Town of Vail celebrates 2016 accomplishments
March 16, 2017
VAIL — With a glance around the room on Tuesday, Vi Brown said she was happy to see a lot of folks her age in the audience.
The annual Vail Community Meeting brought a standing-room-only crowd to Donovan Pavilion, with leaders recognizing Vi and Byron Brown for their contributions of time and talent to the town. The Browns received the Vail Trailblazer Award for their service to Vail throughout the past 52 years.
"Vail and Byron arrived to Vail in 1964 when there were barely 100 people living in town," council member Kim Langmaid told the crowd. "I grew up among Vi and Byron's three kids — Mike, Todd and Cindy — and I have always looked up to them."
Vi Brown said raising kids in Vail was a delight.
“Thanks to the leadership of council and Stan, we’re debt free since 2013. That’s an amazing accomplishment.”Dave ChapinMayor, Vail
"When we started, we didn't have any schools," she said. "And now all the schools in Eagle County are so good, and we're so thankful we have good teachers and good principals."
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The Browns said in addition to schools, adding a church and a library to town were the most meaningful of the early accomplishments of Vail pioneers such as themselves.
"Many of you were participants in getting us this far," Byron Brown told the crowd. "A lot of things had to take place to get to where we are today, and I want to thank all of you out here."
These days, Vi Brown says creating an environment where seniors like her and Byron Brown can live out their later years has been most important to her.
"I'm so happy to see so many seniors here," she said following the recognition. "It's easier in Vail now for seniors because we have transportation, we have social functions, and on the mountain we have slow skiing zones."
Vi Brown's friend Maria Erb arrived in Vail from New York City in 1968. The two help put on regular lunches for seniors in Minturn.
"We do yoga, we play cards and we celebrate everybody's birthday," said Erb, who attended the Browns' recognition on Tuesday. "We have people from Vail, from Avon and down alley and some are being picked up by van."
'THEY CAME FOR THE EXPERIENCE'
Also in attendance on Tuesday was Rod Slifer, Vail's first Realtor, who arrived in Vail on May 1, 1962. Slifer said people like the Browns, upon arriving in Vail in those days, were not here to make money.
"In the old days they came for the experience, to be involved in a new resort and to ski," he said. "And that was it."
Slifer said as Vail moves forward, he thinks it will get better.
"It will be different," he said. "More and more pressure from Denver has crowded the point of access, and that will be a challenge. We have day skiers on the weekends, but maybe in a few years they will be here every day, so we will have to, through pricing or something, keep it still a good experience."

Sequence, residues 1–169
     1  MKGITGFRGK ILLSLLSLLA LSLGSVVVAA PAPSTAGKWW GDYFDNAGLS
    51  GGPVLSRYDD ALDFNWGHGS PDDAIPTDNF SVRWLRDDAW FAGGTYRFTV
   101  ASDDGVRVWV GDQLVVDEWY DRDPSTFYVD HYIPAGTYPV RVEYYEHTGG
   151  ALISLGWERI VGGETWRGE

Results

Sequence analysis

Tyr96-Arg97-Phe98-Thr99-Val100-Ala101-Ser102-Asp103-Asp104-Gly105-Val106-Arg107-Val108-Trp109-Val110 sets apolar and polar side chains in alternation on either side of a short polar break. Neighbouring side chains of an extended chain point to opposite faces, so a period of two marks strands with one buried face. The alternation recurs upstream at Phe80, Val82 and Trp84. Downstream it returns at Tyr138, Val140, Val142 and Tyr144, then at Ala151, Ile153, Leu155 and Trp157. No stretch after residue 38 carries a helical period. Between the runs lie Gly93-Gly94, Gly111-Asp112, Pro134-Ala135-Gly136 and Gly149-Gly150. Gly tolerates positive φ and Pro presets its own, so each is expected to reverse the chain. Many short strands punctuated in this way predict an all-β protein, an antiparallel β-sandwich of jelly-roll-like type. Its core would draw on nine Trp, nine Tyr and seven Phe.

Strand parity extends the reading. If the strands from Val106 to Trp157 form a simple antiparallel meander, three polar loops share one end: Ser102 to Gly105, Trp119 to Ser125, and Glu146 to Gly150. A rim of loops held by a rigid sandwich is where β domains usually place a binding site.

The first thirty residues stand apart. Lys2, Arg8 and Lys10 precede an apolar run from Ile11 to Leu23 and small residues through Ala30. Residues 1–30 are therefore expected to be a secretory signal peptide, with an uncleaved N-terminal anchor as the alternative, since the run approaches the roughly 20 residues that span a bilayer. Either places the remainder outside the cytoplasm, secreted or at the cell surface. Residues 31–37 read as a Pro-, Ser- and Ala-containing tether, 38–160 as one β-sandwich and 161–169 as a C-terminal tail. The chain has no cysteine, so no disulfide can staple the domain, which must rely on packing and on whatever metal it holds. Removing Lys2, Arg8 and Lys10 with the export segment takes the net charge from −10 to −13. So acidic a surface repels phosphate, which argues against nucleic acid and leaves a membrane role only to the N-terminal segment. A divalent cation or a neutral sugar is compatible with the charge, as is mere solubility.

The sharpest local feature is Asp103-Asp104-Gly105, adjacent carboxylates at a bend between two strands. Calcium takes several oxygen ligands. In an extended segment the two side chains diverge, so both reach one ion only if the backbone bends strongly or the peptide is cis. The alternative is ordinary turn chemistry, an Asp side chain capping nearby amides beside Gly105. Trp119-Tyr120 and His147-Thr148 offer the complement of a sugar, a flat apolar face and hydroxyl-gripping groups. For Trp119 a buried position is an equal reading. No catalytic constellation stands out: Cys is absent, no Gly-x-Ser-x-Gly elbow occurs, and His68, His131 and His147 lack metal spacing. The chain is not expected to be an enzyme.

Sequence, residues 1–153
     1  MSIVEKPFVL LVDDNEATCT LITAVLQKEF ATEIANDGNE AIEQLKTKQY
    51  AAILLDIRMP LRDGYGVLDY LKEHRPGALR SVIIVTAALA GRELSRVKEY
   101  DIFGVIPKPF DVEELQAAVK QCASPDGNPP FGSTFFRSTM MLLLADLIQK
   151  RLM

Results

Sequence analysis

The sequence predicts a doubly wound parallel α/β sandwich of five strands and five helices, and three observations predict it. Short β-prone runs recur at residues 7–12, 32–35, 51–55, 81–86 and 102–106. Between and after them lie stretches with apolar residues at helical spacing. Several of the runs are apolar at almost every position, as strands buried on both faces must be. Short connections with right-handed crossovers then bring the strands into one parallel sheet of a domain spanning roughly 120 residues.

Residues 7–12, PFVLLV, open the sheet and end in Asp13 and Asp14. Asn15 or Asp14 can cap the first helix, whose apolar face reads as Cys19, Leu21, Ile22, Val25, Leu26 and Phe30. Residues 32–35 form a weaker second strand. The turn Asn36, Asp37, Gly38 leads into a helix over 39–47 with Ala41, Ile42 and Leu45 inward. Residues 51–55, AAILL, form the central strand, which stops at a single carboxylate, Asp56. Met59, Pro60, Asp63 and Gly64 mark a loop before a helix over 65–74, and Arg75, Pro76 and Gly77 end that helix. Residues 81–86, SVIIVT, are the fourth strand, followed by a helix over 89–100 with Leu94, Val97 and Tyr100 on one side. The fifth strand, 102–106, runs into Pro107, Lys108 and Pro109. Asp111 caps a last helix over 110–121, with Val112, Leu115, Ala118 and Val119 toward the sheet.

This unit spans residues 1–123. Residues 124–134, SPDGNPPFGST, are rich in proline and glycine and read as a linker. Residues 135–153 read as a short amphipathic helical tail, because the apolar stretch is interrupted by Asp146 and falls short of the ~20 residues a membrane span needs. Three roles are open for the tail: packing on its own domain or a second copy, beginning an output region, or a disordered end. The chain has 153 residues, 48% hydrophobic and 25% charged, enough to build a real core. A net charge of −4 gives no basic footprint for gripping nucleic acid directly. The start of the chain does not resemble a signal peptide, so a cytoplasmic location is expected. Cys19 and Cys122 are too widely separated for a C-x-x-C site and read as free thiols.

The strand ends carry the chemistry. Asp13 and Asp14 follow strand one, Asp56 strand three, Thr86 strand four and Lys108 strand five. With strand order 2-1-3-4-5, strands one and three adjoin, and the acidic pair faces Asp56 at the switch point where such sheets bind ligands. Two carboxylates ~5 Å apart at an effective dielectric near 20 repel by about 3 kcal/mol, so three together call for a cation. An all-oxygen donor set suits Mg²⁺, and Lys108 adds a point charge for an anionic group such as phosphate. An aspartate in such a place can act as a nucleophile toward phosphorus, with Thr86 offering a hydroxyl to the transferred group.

In addition to the Trail Blazer Award ceremony, Tuesday's meeting was also a state of the town address. Mayor Dave Chapin brought up the possibility of charging for summer parking in the future.
"Nobody wants to pay to park, I get that," Chapin said. "But when our guests can't get in to access Vail, that's a problem."
Last year, the parking structures filled and overflow parking spilled onto the South Frontage Road 51 times, Chapin said.
"That's a lot," he said. "That's actually over what we're supposed to be allowed."
While parking will remain free in summer 2017, a study will take place at some point where the gates will be closed and parking stamps will be issued just like during the winter. Those stamps will be required to leave the structure, but no fee will be charged. This will give officials a better idea of people's summer parking habits, Chapin said.
"This is something we have to look at and something we have to address," Chapin said.
STATE OF THE TOWN
Chapin offered quotes on several other themes, including:
• The financial health of the town: "In 2016, we had a record sales tax year."
• Affordable housing efforts: "If it doesn't work, we'll go back to the drawing board, but not trying is not acceptable."
• Environmental sustainability: 'We can't have this stuff flowing into our creek."
• Capital improvement projects: "We generally don't have to borrow money to do these things."
And in a classic know-your-audience moment, Chapin took special consideration to mention the six new pickleball courts at Golden Peak.
"Pickleball has just taken off, it's crazy," he said. "Everybody's playing pickleball."
Town manager Stan Zemler was also honored at the event for the 13 years of service he gave the town as town manager. Zemler will soon vacate the position.
"Thanks to the leadership of council and Stan, we're debt free since 2013," Chapin said. "That's an amazing accomplishment."
Keep reading the Vail Daily for more about Zemler and his accomplishments in Vail.